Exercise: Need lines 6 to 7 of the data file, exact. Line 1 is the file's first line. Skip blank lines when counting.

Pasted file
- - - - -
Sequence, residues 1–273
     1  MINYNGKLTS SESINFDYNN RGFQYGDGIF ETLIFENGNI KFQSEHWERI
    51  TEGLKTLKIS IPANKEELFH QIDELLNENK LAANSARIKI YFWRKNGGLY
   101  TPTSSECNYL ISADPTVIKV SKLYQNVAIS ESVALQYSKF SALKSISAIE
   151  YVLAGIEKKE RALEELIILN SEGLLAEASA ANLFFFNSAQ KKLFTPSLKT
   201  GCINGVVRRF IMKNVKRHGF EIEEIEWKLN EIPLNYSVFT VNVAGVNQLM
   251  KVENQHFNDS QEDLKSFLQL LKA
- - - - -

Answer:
   201  GCINGVVRRF IMKNVKRHGF EIEEIEWKLN EIPLNYSVFT VNVAGVNQLM
   251  KVENQHFNDS QEDLKSFLQL LKA